By Barry Jagoda
In a full-page Christmas Day article in The New York Times, President Trump’s 2016 presidential victory was explained as directed by the family and the loss in 2020 was also attributed to the family.
This, as reported in the Times, was the verdict of Brad Parscale, Trump’s first 2020 campaign manager.
It was pretty obvious that blame for the loss was due to Trump’s trust in his son-in-law Jared Kushner, daughter Ivanka, and the other adult children who, in the end, could not or would not give good advice to the candidate. Help from outside the family was ultimately shut out.
As the “godfather” of this clan, Trump became the ultimate loser because Kushner, Ivanka, Donald Trump Jr., Erik Trump and their wives and girlfriends were all allowed to be campaign decision makers.
The magic of Trump’s surprising victory in 2016 could not be recaptured in 2020. Parscale was dumped when Kushner saw defeat on the horizon but needed someone to blame aside from himself and Trump’s family.
Looming in the ether was the realization by Kushner, a clever lawyer with degrees from Harvard and New York University, that he needed to protect the candidate’s family from the ignominy suffered a few years earlier when his own father was prosecuted and sent to prison. Scapegoats were required.
How to get blame shifted? Fire the campaign manager and let Trump be Trump. But the magic of the 2016 win could not be duplicated.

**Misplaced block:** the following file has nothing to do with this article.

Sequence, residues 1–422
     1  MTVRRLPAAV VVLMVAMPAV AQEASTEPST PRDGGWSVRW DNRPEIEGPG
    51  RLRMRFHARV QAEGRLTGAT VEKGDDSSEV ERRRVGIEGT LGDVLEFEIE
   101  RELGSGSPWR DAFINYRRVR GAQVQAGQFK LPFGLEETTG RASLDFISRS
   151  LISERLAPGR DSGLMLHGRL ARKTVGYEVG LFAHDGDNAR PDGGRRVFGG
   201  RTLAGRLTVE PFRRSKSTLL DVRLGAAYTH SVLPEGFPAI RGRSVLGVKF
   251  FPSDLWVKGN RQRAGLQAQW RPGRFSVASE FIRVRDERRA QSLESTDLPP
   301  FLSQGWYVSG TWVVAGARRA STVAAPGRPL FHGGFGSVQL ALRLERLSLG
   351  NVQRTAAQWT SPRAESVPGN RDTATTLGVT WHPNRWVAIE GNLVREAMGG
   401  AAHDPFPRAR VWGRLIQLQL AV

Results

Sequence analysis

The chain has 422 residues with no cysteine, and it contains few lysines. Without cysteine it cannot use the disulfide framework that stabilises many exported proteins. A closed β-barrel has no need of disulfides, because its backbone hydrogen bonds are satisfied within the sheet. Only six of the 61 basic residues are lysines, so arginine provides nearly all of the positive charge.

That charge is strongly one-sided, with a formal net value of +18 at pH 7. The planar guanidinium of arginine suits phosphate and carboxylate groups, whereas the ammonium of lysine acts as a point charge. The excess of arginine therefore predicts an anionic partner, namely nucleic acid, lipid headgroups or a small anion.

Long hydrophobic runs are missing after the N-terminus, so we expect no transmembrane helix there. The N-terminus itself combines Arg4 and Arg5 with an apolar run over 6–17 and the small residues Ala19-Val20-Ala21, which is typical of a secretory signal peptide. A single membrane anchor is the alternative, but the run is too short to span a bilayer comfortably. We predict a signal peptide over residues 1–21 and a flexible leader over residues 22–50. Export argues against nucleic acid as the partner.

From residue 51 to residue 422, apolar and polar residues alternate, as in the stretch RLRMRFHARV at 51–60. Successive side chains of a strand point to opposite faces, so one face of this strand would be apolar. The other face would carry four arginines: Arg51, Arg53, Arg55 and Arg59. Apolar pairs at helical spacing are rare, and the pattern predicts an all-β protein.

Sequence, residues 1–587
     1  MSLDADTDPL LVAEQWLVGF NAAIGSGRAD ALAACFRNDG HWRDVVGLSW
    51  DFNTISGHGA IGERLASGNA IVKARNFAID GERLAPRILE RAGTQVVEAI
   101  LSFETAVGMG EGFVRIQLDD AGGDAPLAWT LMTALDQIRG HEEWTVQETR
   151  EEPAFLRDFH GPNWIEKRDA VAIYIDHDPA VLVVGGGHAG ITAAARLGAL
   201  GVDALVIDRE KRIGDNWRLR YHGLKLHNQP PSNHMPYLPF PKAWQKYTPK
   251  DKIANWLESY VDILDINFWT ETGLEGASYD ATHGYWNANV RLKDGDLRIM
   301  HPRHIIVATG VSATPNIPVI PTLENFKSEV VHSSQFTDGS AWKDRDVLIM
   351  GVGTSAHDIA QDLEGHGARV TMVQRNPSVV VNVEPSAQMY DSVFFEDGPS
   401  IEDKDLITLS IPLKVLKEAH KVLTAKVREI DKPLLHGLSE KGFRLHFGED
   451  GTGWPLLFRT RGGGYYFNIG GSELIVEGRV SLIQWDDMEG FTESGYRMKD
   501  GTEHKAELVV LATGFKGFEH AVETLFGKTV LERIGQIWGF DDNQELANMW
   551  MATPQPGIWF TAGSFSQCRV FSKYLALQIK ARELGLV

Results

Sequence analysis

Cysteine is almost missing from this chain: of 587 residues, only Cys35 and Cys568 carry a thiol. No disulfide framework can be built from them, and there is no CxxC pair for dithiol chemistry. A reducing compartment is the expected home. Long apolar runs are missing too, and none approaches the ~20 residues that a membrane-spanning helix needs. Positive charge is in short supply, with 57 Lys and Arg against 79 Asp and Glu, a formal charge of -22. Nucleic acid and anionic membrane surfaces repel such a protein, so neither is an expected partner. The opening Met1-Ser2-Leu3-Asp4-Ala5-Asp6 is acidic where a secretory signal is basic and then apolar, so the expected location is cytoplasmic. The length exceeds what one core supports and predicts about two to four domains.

Parscale told the New York Times that in 2016 he created an online bullhorn for Trump, so the resonating social media nastiness would circulate state-by-state to build and support a loyal base. That worked and all thought it would be easier in 2020 because there had never before been such a bully with a “bully pulpit” in the White House.
When the magic of 2016 wore off — it may never have been there in the first place — the family got rid of Parscale and all that was left was Trump with his own supposed wisdom and the family.
Conveniently, Trump’s son-in-law took 2020 off, traveling to the Middle East to build a foreign policy legacy. This was simple enough, even candidate-trusted lawyer Rudy Giuliani knew this. Promise the Arabs anything they wanted— particularly in the form of weaponry — and soon there would be a Trump-created peace with Israel.
As candidate Trump flailed around, the clever son-in-law was gone overseas. The other kids just picked up the Trump bullhorn, but the populist message “Make America Great Again” no longer worked.
Trump became a loser because he was both deserted or mimicked by his family. But he couldn’t throw the family under the bus.
Barry Jagoda, a La Jolla resident, was an award-winning journalist at NBC News and CBS News who later served in the White House as an assistant for President Jimmy Carter. His new book about the Carter years is Journeys With Jimmy Carter and Other Adventures in Media.